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Last Updated on May 5, 2015, by eNotes Editorial. Word Count: 927

One Day in the Life of Ivan Denisovich is the story of a typical day in the life of a prisoner in a Soviet labor camp. It is set in 1951, near the end of the rule of Joseph Stalin, and is, on one level, an expose of Stalin’s brutal...

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One Day in the Life of Ivan Denisovich is the story of a typical day in the life of a prisoner in a Soviet labor camp. It is set in 1951, near the end of the rule of Joseph Stalin, and is, on one level, an expose of Stalin’s brutal forced-labor camps, a central but suppressed fact of modern Russian history. The novel follows the title character during the course of a not-unusual winter day, in the process eliciting great respect for a simple, unreflective man and offering a commentary on life in a totalitarian society.

Ivan Denisovich (Shukov) is awakened with the rest of his work gang at five in the morning on a January day. The temperature hovers around twenty degrees below zero. His first thoughts, as always, are of what he can do to increase his chances for survival. The time before breakfast is precious to him not only because he can find ways to obtain a bit of tobacco or extra food but also because, for a short while, his time is his own to use as he pleases.

After what passes for breakfast, Shukov stops on his way back to the barrack to try to get on the sick list for the day. Camp (Soviet) bureaucracy, however, dictates that no more than two prisoners will be sick each day, and, even with a fever, Shukov is too late to be one of those two. While waiting in the cold to march out of camp to work, Shukov sees Caesar finishing a cigarette. Shukov wants very much to have the butt that Caesar will leave but, significantly, will not beg for it, or even stare at Caesar while he smokes, both of which the wretched Fetyukov does. Caesar demonstrates the code of the camp by giving the butt to Shukov, not to Fetyukov.

Because of the negotiating skill of their work gang leader, Tyurin, the gang has the relatively easy job that day of building a power station. Shukov ruminates on the importance of a gang leader to the survival of the prisoners and on their allegiance to him. After the morning’s work in the snow and cold comes the noon meal. Meals are the single most important part of the day, although they are pathetic, consisting, for example, of a small allotment of bread and a soup made of water and oats and an occasional fish head. It is crucial, however, that one not be further weakened by missing any of this meager repast. Shukov shows his cleverness in getting two extra bowls of soup for his work gang and is rewarded by having one of them allotted to him.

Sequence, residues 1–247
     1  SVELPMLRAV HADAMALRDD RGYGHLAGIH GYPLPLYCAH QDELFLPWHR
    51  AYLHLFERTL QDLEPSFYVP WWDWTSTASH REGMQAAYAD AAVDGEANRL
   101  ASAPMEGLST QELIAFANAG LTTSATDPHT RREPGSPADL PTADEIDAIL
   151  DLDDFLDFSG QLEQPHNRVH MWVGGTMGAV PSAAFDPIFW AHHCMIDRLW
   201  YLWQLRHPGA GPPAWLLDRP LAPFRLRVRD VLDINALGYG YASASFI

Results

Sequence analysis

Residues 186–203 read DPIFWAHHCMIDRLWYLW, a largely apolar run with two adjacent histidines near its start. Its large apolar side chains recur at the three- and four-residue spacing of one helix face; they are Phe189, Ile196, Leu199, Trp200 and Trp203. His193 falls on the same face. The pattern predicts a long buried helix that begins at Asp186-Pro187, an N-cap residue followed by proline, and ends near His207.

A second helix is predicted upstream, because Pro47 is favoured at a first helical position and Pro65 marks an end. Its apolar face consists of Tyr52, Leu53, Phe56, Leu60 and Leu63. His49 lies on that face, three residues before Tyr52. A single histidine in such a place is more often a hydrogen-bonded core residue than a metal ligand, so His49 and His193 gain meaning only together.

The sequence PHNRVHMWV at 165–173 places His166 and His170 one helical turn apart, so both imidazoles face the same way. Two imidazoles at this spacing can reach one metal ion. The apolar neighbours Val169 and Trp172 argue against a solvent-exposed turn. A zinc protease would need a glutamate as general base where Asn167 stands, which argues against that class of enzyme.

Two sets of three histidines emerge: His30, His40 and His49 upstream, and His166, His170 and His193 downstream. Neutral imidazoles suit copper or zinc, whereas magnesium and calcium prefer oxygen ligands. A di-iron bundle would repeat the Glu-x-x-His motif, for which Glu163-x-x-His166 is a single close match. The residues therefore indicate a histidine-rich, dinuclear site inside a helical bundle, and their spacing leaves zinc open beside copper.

The afternoon is spent building a wall in the power station. The men, except for the shirker Fetyukov, begin to work with enthusiasm. Momentarily forgetting the circumstances of their lives, they work faster and faster, feeling both the camaraderie of common effort and a reminder of their own abilities. During this time, they also come to the aid of their gang leader when a supervisor threatens to get him in trouble. In his desire to finish his bricklaying and to contemplate for a moment his craftsmanship, Shukov risks being late for the return to camp and being punished. His friend, Senka, takes the same risk by waiting for him, but the two men make it back without trouble.

Shukov manages to smuggle back into camp a piece of metal that he found during the day. Once inside, he runs to the place where packages are handed out so that he can save a place for Caesar, who, unlike Shukov, often gets packages. Shukov is rewarded for his efforts when Caesar does receive a package and tells Shukov to eat his evening meal for him.

Shukov helps his gang get their soup and bread, again playing all the angles in order to increase his own share. He meditates on the sacredness of eating and its centrality to the life of the prisoner. As he eats, he observes the others, noting especially an old man whose many, many years in prison have not destroyed his spirit, though they have ravaged his body. After the meal, Shukov goes to buy some tobacco from another inmate. Back in the barrack, he watches Fetyukov enter, in tears and with a bloody face. Shukov speculates that Fetyukov has been beaten again while trying to scrounge an extra bowl of soup and surmises that the man will not last in the camp, because he simply does not know how to survive. Despite the efforts of the gang leader, the Captain is led off to begin his ten-day sentence in solitary confinement, a punishment that he may or may not survive in the January cold. Shukov helps Caesar keep his package of food from being stolen during the night count and returns to his bed feeling very good about his day.

Unable to sleep immediately, Shukov talks to Alyoshka the Baptist. Alyoshka tries to persuade Shukov to see the time in prison from a different perspective and suggests that one should even thank God for being in prison, because it keeps one from being misled by the false values of the outside world. Shukov likes Alyoshka but does not understand him. Shukov falls asleep recounting the day to himself, with its many small victories, and he decides that it was “almost happy.” The reader is then offered the bleak reminder, “There were three thousand six hundred and fifty-three days like this in his sentence, from reveille to lights out.”

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